It is understandable that the Democrats would undertake an expensive health care reform this year.  They want this legislation.  It has its merits in terms of fairness in our society.  They have the majorities in Congress and control over two branches of government.  If they don’t do it now, they may miss the opportunity, when the Republicans have their inevitable electoral surge.  Witness the losses of two governers’ mansions this month in New Jersey and Virginia, despite the president’s active campaigning.  So, health care reform now is understandable from a political perspective.  It just remains fiscally irresponsible, as government debt moves toward 90% of GDP.

Granted, a fiscal tightening right now would be premature, would take away the only stimulus active in the U.S. economy.  But, a plan, a program, to restore fiscal health — in a word, credibility — would reassure not only America’s foreign investors, but Americans themselves, uneasy over the management of the economy.

This was the 800-pound gorilla in the Forbidden City this week.  Sure, staunching a trade war between the U.S. and China is arguably as important as improving America’s finances.  Sure, working diligently on climate change is probably the issue most critical to our planet in the long run.  And, cooperating on policy toward Iran and North Korea is a very high priority, as is human rights, a cornerstone of America’s mission in the world.  Nevertheless, all of these issues can be advanced more effectively by a United States more in control of its destiny.

Medvedev: Glasnost and Perestroika all over again?

November 13, 2009

Russian President Medvedev and his mentor, Vladimir Putin.  Note: this is not a photo from Medvedev's speech this week.  Source:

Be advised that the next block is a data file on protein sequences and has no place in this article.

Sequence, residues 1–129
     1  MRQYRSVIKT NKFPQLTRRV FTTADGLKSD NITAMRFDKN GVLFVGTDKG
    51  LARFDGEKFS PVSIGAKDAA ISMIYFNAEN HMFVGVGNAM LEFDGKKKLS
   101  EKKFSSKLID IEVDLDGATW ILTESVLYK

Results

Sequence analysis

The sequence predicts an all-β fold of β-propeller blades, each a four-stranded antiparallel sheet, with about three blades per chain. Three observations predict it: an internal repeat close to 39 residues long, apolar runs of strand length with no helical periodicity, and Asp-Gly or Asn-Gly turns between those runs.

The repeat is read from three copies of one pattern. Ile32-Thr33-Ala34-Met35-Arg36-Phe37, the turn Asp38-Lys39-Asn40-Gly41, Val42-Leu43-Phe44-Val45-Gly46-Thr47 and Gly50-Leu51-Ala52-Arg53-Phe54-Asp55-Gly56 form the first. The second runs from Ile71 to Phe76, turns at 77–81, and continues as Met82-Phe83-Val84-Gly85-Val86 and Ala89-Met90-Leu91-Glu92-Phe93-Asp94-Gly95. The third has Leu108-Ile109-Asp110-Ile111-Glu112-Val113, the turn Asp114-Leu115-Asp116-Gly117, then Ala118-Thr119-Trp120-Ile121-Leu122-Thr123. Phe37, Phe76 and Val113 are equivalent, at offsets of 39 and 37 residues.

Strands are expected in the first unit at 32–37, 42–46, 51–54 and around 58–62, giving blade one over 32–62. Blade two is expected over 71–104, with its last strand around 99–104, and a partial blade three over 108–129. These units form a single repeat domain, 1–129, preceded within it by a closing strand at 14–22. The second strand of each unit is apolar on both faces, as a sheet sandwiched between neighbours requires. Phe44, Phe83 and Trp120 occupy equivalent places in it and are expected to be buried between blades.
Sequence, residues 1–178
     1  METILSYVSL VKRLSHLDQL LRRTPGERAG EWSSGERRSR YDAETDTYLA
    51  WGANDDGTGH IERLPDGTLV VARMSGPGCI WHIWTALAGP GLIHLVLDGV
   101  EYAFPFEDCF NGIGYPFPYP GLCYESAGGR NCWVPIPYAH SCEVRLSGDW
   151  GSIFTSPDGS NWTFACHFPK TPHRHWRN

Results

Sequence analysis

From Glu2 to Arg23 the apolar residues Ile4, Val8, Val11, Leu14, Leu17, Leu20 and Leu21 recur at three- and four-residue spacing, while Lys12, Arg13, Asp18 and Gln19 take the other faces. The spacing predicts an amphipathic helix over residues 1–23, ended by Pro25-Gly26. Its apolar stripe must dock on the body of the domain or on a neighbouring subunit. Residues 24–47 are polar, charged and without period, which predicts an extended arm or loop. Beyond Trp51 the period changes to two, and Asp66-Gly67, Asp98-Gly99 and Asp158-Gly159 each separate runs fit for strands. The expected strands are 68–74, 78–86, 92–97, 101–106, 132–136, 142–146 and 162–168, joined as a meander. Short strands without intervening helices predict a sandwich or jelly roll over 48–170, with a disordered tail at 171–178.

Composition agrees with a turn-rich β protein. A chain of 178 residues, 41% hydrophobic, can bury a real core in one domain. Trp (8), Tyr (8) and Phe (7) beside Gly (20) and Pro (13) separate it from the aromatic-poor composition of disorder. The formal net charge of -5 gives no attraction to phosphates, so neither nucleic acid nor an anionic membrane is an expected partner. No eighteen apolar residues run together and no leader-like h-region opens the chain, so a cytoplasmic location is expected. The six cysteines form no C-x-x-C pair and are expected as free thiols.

Not so fast.  President Medvedev has resounded the main themes of reform for some time now, without his government (or, rather, Putin’s) following through.  See a NYTimes article from yesterday on President Medvedev’s annual address to the Russian nation, as well as a report on the matter below in a CSFB Emerging Markets report.

Reducing Russia’s humiliating dependence on energy exports and the role of state enterprises in the economy, and adding flexibility to labor markets and greater pluralism to Russia’s proto-democracy were all laudable goals mentioned in his speech, delivered at the Kremlin with Putin in attendance.  Mere platitudes devoid of concrete measures, critics say.  Maybe so, but the first step toward change is talking about it openly. 

Russia may have a positive future and a greater potential to join Fukuyama’s end of history in terms of being a functioning liberal democracy and market economy than other authoritarian countries, such as China, Saudi Arabia, Iran, to mention a few, where the lack of nascent democratic institutions distinguishes them (though Iran has a few).  Russia looks a bit like the Iberian, Greek and Latin American authoritarian regimes just before their transitions to democracy in the 1970s-80s; these societies yearned for the freedoms and prosperity of the West.  One day, Russia will join Europe and the West, if Europe and the West will have them.  Institutions such as the EU and NATO remain closed to Russia.  Remember what Kissinger said about NATO expansion — alliances have to be against somebody.  That way of thinking has to change in the West, and then maybe Russia will accelerate Medvedev’s reforms.    

From CSFB today:

Sergei Voloboev
+44 20 7888 3694
President Medvedev’s annual state of the union address yesterday contained criticism of past economic policies and some specific economic and political reform proposals. With a reference to his “Russia, Forward!” article published on 10 September, Medvedev has called for the country’s comprehensive modernization, based on democratic principles. Referring to the reasons for Russia’s particularly painful economic contraction during the recent economic crisis, the president mentioned the economy’s primitive structure, “humiliating dependency” on raw materials and general reliance on export receipts, appallingly low competitiveness of Russia’s manufacturers, as well as insufficient efforts to adopt a new growth model. Medvedev stated that even though the situation in the banking system has stabilized, it remains weak and insufficiently capitalized.